Mathilde Ganancia’s two videos are rooted in her experience at the 2014 National Ploughing Championships in Ratheniska, Co Laois. SHOOT juxtaposes footage of faces in a crowd at the ploughing championships with audio recorded at a fashion shoot. The unobtrusive camera shakes violently with faces almost imperceptibly passing through the frame until the footage slows to reveal a revelatory gaze, intimately illustrating different states; a resentment towards having their image recorded, being trapped within a crowd or their working conditions. Audio from the conflicting social space of the fashion shoot collides with this footage while being simultaneously synced with events unfolding on screen. Navigating between these places, different subjectivities are revealed; the fair in relation to the interior space of the subject, the gap between the subject and the camera and the space between the viewer and the screen. Genuinely Double-Sided illustrates the artist’s naive perception of traditional hand milking methods with the realities of current industrialized farming practice. This collision is represented through a grotesque double-sided puppet; one side displaying a corporate video promoting the latest milking machine, and the other, a clumsy animation spinning and crashing down under the weight of its own decorations.
Paul Gaffney’s recent work explores a meditative approach to landscape photography, and how the act of image making can enable and disrupt a sense of connection with one’s surroundings. Stray is a series of images made during his time at Cow House in the forestation surrounding the farm. The photographic prints and accompanying text written in collaboration with Colm Hall represent a struggle. In an effort to record images in near blackness without the use of a tripod Gaffney pushes the limits of his camera, capturing the stray light that has managed to weave it’s way through the canopy of branches. Simultaneously Gaffney tests his own physicality, navigating the blackness without a map or light, unfamiliar with the difficult terrain. Current camera technology can astound in it’s ability to record what is seemingly not there, but given time for our senses to adjust the resulting images do little to illustrate this experience; in turn revealing the rigidity of tools and the depth of experience.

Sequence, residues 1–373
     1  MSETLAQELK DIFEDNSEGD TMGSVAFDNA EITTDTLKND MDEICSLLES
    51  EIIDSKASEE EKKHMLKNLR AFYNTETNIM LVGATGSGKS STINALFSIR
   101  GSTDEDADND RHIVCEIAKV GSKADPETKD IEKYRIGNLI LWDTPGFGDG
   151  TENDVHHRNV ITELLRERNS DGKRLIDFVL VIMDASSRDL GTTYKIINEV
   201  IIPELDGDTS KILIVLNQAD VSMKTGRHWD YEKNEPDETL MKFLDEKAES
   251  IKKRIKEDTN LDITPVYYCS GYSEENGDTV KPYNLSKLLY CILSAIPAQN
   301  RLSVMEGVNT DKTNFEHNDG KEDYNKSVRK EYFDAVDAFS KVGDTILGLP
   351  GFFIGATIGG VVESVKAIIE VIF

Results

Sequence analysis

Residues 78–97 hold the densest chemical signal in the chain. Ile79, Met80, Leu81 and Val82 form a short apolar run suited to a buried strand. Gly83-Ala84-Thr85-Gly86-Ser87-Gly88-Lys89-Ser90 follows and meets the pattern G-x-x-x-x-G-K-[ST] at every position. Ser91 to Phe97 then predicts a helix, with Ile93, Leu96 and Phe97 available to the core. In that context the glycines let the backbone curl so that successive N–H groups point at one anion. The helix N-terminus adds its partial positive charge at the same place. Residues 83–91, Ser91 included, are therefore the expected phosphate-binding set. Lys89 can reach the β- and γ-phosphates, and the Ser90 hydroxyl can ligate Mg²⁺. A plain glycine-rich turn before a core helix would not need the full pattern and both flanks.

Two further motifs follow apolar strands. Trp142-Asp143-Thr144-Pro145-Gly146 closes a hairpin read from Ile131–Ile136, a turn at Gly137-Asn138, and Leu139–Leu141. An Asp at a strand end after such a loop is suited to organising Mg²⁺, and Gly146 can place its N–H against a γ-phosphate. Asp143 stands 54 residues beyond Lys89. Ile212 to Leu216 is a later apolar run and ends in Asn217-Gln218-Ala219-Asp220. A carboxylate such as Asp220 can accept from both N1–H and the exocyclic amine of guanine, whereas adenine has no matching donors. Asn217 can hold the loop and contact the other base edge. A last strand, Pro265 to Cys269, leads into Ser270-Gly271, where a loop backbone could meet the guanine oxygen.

Woosung Lee similarly spent much of his time in the small wood beside the studio, finding serenity in the densely populated trees and endless moss covering the ground. As a place of refuge to explore his thoughts Lee would find himself meditating for lengths of time. Simultaneously, Lee’s father was not well; still recovering from a stroke. Much of his time was consumed thinking about his family; worrying about them, but also finding serenity in his current state. Beside the laundry at Cow House is a stack of firewood cut from trees in this same forest. Passing by one day Lee noticed these logs and states he could almost hear them say “Everything is going to be fine, it will be good, they are alright, things are all okay.” These anthropomorphized logs from the forest are the central characters in Lee’s large scale digital fabric print and installation titled Fine, Good, Alright, All Okay.
Give Way will run from Monday 14th September to Thursday 8th October at Wexford Arts Centre. For further information on the exhibition or artists please contact Catherine Bowe, Visual Arts Manager, Wexford Arts Centre on 053 9123764 or email email@example.com. For further information on Cow House Studios please contact Co-Director Frank Abruzzese on 053 9169567 or email firstname.lastname@example.org.
Wexford Arts Centre’s galleries are open from Monday – Saturday, 10am-5pm.